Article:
This is why developers don’t like Apple’s Vision Pro


  • Developers are apprehensive about developing apps for Apple’s Vision Pro due to its high price, niche appeal, and lack of VR controller support.
  • Apple’s previous ventures, such as the Apple Watch and TV, failed to attract a vibrant developer community, leading to concerns about the success of the Vision Pro app store.
  • Despite this, there’s potential for the Vision Pro app store to thrive if developers modify or create apps optimized for the new interface.

Opening the gateway to the future of digital experiences, Apple introduced Vision Pro, an exciting yet challenging addition to the tech titan’s product line.

The success of this groundbreaking product depends heavily on third-party apps, but developers may hesitate due to the product’s niche appeal and steep price point.

Yet, amid the turmoil, Apple continues to evolve and adapt, exemplified by the giant’s rapid sprint into the generative AI arena and the revamping of its in-store product buying system.

First impressions matter: Vision Pro’s daunting appeal

During the inception of iPhone and iPad, third-party developers were eager to jump on board. The result was a flourishing App Store, setting the stage for big names like Airbnb and Snap to prosper.

Regrettably, this initial enthusiasm hasn’t extended to all Apple platforms. Apple Watch and Apple TV app stores have fallen into obscurity, with developers like Twitter, Meta, and Uber retreating.

Will Vision Pro follow the precedent set by the iPhone and iPad, or fall into the same pitfalls as the Watch and TV? The answer is likely to fall somewhere in between.

The prohibitive price and the limited user base of the Vision Pro might slow down app development. Moreover, the lack of hand controllers, a standard feature on other headsets, adds to the list of challenges for developers.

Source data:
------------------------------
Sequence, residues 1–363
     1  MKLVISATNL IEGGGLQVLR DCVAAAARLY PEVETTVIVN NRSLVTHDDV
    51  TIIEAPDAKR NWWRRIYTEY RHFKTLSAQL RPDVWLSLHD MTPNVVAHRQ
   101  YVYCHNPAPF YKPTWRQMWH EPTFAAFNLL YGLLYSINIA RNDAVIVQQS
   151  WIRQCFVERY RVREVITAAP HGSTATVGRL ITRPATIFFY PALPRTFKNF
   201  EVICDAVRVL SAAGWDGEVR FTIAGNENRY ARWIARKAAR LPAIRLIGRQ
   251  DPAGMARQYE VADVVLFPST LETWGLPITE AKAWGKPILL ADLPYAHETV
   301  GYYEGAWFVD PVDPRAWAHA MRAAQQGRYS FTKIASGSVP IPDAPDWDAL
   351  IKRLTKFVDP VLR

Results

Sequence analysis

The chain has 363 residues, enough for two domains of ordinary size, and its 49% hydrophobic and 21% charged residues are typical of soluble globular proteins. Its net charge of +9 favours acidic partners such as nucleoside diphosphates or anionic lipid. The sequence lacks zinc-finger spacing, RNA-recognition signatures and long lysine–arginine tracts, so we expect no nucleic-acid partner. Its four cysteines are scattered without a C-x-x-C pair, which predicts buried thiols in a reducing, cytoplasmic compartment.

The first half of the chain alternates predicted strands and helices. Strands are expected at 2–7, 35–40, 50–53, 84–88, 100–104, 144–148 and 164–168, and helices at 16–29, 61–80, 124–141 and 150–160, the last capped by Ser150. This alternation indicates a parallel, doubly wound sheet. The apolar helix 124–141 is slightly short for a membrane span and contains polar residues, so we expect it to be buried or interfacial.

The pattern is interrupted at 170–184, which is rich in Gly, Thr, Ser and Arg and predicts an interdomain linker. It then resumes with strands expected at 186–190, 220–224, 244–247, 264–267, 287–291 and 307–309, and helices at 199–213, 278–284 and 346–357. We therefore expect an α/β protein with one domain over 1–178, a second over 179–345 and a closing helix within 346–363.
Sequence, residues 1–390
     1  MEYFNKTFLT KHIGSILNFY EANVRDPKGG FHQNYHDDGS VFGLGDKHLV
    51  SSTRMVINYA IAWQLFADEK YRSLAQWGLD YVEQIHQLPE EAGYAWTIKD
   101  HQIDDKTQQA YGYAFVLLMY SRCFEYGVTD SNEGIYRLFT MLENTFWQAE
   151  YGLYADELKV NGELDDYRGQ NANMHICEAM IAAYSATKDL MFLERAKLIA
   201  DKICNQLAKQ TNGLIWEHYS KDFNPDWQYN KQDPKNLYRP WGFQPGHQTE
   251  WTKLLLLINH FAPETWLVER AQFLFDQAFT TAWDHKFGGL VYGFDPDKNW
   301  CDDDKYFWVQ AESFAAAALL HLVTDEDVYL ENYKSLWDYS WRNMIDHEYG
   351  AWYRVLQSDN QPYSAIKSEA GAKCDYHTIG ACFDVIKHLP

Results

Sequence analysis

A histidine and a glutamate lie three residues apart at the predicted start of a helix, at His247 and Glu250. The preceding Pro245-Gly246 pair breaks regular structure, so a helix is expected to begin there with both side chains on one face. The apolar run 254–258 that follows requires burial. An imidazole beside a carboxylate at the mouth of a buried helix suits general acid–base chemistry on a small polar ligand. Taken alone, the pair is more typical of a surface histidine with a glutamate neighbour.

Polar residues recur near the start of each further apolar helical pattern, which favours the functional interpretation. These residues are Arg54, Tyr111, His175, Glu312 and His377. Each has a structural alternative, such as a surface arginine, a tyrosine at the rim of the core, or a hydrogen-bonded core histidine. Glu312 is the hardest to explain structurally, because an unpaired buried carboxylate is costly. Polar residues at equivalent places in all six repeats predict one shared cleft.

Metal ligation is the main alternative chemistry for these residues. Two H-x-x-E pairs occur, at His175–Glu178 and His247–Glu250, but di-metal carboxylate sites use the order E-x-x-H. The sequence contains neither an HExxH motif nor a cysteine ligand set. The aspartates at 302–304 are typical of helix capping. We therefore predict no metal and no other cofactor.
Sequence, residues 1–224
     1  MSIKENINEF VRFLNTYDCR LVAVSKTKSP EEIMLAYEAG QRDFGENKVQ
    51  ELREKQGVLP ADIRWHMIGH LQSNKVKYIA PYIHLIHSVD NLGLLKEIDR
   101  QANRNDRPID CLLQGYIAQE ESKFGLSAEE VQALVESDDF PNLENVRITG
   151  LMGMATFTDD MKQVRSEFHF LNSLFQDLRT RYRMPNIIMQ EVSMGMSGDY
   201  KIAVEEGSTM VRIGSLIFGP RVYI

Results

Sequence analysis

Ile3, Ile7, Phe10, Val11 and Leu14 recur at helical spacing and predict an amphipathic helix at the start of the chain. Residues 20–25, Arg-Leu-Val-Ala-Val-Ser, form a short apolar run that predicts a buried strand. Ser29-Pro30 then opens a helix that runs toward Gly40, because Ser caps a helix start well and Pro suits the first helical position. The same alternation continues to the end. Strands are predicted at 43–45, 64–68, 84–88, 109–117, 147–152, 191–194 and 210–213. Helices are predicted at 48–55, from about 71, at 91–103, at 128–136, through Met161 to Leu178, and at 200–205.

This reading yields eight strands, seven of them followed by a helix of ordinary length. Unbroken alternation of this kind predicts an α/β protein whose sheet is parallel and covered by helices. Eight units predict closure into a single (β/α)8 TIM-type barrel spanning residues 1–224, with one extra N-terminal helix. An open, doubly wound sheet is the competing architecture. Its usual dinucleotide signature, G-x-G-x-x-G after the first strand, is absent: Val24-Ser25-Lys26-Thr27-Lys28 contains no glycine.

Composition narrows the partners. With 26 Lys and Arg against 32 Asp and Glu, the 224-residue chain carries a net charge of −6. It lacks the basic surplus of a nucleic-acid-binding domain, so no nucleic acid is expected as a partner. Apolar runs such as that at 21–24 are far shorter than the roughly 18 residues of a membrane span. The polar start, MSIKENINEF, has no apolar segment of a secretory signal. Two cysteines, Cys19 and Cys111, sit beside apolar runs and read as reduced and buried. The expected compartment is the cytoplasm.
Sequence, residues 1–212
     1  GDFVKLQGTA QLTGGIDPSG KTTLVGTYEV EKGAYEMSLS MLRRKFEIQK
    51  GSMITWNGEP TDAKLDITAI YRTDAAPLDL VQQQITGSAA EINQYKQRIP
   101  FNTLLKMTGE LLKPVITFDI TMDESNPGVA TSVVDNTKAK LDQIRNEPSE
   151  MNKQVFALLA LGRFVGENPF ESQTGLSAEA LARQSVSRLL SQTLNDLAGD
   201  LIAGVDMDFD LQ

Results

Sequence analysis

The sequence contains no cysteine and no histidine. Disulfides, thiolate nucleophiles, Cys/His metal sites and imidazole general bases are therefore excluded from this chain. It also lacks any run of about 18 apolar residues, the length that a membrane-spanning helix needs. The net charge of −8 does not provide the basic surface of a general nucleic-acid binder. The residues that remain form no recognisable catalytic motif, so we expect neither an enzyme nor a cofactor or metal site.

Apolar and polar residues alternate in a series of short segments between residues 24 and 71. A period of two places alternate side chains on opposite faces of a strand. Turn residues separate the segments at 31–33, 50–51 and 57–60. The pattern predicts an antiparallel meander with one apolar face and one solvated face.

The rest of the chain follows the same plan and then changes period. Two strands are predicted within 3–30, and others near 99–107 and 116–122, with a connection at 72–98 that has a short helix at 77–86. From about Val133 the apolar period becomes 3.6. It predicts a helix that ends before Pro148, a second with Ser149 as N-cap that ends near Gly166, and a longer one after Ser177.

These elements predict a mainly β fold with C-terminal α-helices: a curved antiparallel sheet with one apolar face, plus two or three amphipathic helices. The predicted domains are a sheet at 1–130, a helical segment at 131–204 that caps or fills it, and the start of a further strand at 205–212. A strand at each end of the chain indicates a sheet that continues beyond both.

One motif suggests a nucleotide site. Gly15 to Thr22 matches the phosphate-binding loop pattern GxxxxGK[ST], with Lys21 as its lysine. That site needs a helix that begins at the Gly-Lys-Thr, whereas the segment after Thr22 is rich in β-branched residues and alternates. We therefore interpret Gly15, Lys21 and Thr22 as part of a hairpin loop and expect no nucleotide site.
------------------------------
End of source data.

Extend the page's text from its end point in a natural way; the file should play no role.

The developer conundrum

The Vision Pro will launch with three categories of apps: unaltered iPad and iPhone apps, converted iPad apps optimized for visionOS, and new visionOS apps designed from scratch for both virtual and augmented reality.

While iPad software developers will likely opt to allow their apps to run unmodified on Vision Pro, the experience won’t be ideal for users who have shelled out $4,000 for the hardware.

Users will crave apps that fully utilize Vision Pro’s capabilities, which will require developers to heavily modify existing apps or entirely recreate them.

But with an anticipated sales figure of 500,000 units per year in the first few years, the market size for Vision Pro pales compared to that of the iPhone, iPad, and Mac, which cumulatively sell around 250 million units per year.

This vast discrepancy makes it a daunting prospect for developers to invest in Vision Pro, especially when coupled with the absence of VR controller support.

Apple’s race towards new sales strategies

Simultaneously, Apple is sprinting to match the pace of AI giants like OpenAI by investing in large language models (LLMs) for creating a generative AI product as early as next year. Apple’s Ajax framework, used to create an internal ChatGPT-like service, signifies the company’s strides in AI development.

In parallel, Apple retail stores are set to adopt a direct shipping model. Sales representatives will be able to sell products directly via EasyPay point-of-sale machines and ship them to the customer, potentially reducing lost sales due to stock issues and accommodating bulky purchases.

Undeniably, Vision Pro is poised on a precarious edge, yet the potential of this pioneering technology cannot be ignored. As Apple continues to evolve, adapt, and expand, only time will reveal Vision Pro’s place in the tech giant’s illustrious history.

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Jai Hamid

Written by Jai Hamid

Jai Hamid is an enthusiastic writer whose current area of interest is the blockchain sector. Whenever she is not reading or writing, you can find her tending to her plants in the garden. She strongly believes that crypto is going to transform the world for the better.